High degree research students through the University of Adelaide’s Central Career Services get access to unique programs. One such program is the ‘Brand Ambassador Program’ where students are selected from the university to participate in the program, link with, network and learn about various businesses in South Australia. GFAR PhD student Livia Padilha was recently selected to participate in this program and visited a leading winery near Adelaide. She shares her experience in this blog.
The University of Adelaide’s Central Career Services, on behalf of Barristers Block Premium Wines targeted wine and agribusiness high degree research students to participate in the ‘Brand Ambassador Program’. I was lucky to be selected and to enjoy a full day visit, which included getting to know Barristers’ daily operations, wine making process and their use of social media marketing tools.
The family-owned business started in 1997 with vineyard first plantings in Wrattonbully and later in Woodside in the Adelaide Hills. Today, the company has a balanced portfolio of excellent red, white and sparkling South Australian wines, such as Pinot Noir, Sauvignon Blanc and Cabernet Shiraz.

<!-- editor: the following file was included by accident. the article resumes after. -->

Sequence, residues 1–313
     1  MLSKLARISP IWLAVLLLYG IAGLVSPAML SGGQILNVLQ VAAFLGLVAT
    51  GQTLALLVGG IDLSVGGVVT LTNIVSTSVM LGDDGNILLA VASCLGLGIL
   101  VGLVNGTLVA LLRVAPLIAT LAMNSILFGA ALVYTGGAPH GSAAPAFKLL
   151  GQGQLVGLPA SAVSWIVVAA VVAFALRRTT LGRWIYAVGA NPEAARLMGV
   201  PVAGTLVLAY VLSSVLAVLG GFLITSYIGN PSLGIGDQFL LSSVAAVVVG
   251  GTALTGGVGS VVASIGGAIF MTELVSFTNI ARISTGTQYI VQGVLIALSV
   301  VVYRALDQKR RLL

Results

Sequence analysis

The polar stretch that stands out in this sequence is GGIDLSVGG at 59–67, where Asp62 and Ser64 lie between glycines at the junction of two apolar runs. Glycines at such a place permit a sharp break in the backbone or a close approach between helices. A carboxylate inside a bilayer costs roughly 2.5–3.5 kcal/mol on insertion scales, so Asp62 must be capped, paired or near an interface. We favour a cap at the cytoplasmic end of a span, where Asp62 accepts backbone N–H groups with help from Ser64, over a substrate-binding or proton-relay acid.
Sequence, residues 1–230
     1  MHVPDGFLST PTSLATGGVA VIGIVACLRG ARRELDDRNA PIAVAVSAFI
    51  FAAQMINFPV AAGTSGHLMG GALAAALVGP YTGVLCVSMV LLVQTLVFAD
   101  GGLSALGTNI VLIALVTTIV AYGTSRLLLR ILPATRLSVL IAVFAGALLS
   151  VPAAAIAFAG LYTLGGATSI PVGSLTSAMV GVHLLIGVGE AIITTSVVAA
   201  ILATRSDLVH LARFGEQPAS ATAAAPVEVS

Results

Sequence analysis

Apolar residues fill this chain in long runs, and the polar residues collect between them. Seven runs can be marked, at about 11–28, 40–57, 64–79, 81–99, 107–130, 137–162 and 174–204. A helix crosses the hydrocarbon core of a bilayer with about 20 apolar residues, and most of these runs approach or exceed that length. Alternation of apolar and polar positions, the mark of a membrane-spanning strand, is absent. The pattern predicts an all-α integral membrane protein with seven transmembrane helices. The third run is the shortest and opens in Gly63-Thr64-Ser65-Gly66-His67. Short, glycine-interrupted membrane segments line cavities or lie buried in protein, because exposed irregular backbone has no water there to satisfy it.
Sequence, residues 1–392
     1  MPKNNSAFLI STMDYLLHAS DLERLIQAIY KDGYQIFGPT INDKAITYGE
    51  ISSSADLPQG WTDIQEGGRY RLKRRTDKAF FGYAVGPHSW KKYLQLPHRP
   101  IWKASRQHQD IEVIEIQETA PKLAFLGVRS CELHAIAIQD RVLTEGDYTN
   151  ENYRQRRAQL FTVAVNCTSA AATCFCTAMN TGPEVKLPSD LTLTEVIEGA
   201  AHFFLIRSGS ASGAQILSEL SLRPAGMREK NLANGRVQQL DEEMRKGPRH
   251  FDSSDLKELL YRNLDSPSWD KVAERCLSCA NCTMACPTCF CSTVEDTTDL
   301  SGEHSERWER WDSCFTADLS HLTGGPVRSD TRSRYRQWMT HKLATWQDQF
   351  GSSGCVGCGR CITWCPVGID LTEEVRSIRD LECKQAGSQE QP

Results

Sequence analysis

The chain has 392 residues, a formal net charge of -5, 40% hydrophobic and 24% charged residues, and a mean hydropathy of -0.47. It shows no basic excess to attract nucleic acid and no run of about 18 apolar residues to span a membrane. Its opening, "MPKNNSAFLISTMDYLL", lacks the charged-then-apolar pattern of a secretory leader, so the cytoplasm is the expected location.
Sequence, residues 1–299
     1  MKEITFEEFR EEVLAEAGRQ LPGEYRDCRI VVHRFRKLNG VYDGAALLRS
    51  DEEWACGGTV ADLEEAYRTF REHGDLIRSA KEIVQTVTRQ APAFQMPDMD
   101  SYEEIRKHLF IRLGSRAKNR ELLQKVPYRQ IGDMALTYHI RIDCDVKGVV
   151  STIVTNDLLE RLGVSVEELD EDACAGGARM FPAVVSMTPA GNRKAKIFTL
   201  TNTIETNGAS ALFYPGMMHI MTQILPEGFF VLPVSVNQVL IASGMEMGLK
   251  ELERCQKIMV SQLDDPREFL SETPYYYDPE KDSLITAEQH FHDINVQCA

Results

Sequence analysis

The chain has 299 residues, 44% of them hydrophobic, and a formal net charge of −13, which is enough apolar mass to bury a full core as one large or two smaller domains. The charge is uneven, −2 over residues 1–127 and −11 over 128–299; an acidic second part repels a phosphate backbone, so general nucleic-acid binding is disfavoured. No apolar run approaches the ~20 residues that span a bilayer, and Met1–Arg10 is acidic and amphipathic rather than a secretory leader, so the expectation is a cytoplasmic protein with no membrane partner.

During our visit on a beautiful sunny day in the Hills, we walked through Barristers’ vineyards, watched how different pruning processes are done, and learn about their importance in the wines’ quality. After lunch, Barristers’ winemaker Anthony Pearce conducted a tasting section and, from the business owner Jan Siemelink-Allen, we learned about main business activities, company’s exports and their communication with clients. We learned that besides all their wine production and cellar door services, the winery also hosts functions (e.g., weddings and events), with catering and beautiful accommodation facilities.
Besides the full activity day, we had a chance to learn more about this SA local business and we will be featured on the winery website as Barristers’ Block ambassadors. This program will allow students to participate in special events the winery holds, such as cellar door visits and trade fairs.
I found the visit particularly interesting from a consumer behaviour perspective, getting to know an Australian local business that brands so well its provenance. I have also experienced how a business can start building loyalty to its brand, and very cleverly so, by joining efforts with a local University and making a bridge between industry and academia. Especially in an international context, building links with students in the field, who might be in their home countries in the future, is a pragmatic way to initiate these connections.